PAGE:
Extensive Overview of the Shut Door
By Maurice Barnett
The "Shut Door" Defined and then Re-Defined
Though Jesus had been expected to return on October 22, 1844, the failure did not deter the Millerites for long. They decided that the date was correct, just the event was wrong, a course the Jehovah's Witnesses would take concerning the failure of the Lord's return in 1914. The Millerites decided that on that date Jesus entered the second compartment of the heavenly sanctuary and began an "INVESTIGATIVE JUDGMENT" of His people. This period would be of very short duration, hence their expectation of His soon coming. In keeping with all of this, during that short period the opportunity for salvation for the world was over; there was no way anyone could be saved other than the small group of Adventists who had accepted the Millerite message and the "midnight cry." This was known as the SHUT DOOR. Upon this theorizing all other peculiarly SDA positions rest. Yet, even after the "shut door" was given up, the positions that came from it were kept.
William Miller, who started the movement, had predicted the second coming of Jesus for sometime "about the year 1843," but set no exact day in that period of time. It was thought to be at some point between March 21st, 1843 and the same date in 1844. There was a great disappointment after the passing of the spring of '44 among the Millerites, but that wasn't the end of things for them. An erratic and unstable Millerite minister named Samuel S. Snow, along with George Storrs, who gave the group their "no soul in man" position, set a much later date. As early as February 16, 1844, Snow published an article setting forth that the "second coming" would occur on the tenth day of the seventh month of the Jewish calendar, the day of atonement. He later set the date of October 22, 1844, which was the tenth day of the seventh month in keeping with the Karaite Jewish calendar. This became known as "THE SEVENTH-MONTH MOVEMENT." It was in early August, 1844, at a five day campmeeting where Snow presented his views, that the "seventh-month movement" caught fire. Another phase enters the vocabulary at this point. Between the August campmeeting and October 22 was the period to be known as "THE MIDNIGHT CRY." This was also referred to as "the TRUE midnight cry," especially in this "seventh-month movement," though later SDA writers simply referred to it as "the midnight cry." It was only at the last moment that William Miller accepted this view of Snow's and held it for several months after that date, but then gave it up and preached against them.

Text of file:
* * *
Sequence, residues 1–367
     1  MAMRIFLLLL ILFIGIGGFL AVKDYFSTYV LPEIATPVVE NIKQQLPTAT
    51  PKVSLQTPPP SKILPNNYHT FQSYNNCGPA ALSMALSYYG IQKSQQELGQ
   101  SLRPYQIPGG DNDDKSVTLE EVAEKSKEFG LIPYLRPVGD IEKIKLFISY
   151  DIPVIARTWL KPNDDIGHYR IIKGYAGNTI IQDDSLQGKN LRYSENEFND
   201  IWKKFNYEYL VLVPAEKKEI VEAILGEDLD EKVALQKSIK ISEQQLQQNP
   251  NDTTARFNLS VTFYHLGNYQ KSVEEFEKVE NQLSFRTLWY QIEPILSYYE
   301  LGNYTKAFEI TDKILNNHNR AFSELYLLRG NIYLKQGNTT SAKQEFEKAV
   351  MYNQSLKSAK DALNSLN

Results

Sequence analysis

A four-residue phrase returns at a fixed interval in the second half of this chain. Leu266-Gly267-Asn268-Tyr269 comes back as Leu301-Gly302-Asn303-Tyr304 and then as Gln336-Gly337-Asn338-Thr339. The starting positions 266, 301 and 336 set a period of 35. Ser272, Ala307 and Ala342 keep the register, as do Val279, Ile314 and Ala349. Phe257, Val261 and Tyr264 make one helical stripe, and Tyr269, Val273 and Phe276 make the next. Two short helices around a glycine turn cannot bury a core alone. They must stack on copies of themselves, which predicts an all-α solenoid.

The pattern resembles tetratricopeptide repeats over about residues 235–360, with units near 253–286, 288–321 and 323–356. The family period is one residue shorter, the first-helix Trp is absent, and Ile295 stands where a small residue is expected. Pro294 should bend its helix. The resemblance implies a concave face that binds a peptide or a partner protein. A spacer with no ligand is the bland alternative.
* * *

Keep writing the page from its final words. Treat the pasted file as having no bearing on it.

All of their figuring was based on the parable of Matthew 25:1-13 concerning the wise and foolish virgins, the bridegroom, etc. So, "at midnight" the announcement came that "the bridegroom cometh." They reasoned that a "day" in prophetic reckoning was a "year." But, "midnight" amounted to "half a year." This six month period that stretched from the springtime disappointment of Miller's original reckoning, to the October 22 date, was further divided in the middle by "midnight." This gave them the time beginning with the August campmeeting, approximately, till October 22 as the time for the "midnight cry," the preaching of the message that the "bridegroom cometh." The "five wise virgins" were the people who accepted the Millerite message and the October 22 date. The "five foolish virgins" applied to ALL OTHERS. When the bridegroom came (October 22, 1844) the wise virgins (Millerites) entered with Him, and THE DOOR WAS SHUT. All others were left on the outside, cut off from the bridegroom. This was the basis for the "shut door" doctrine that would have such far reaching consequences.
The Millerite movement then divided into "shut door" Adventists and "open door" Adventists, with their own ministers, organizations, and publications. The Seventh-day Adventist Church developed from the "shut door" group and attained the prominence that the others did not. They were known in the early years as the "sabbath and shut door people." There were several warring factions among the Millerites, each having some distinctive test of faithfulness; "footwashing" and "greeting with a holy kiss" were two such tests. After the SABBATH was accepted, coming in via Joseph Bates, it became the distinctive mark, the "SEAL," of the righteous REMNANT.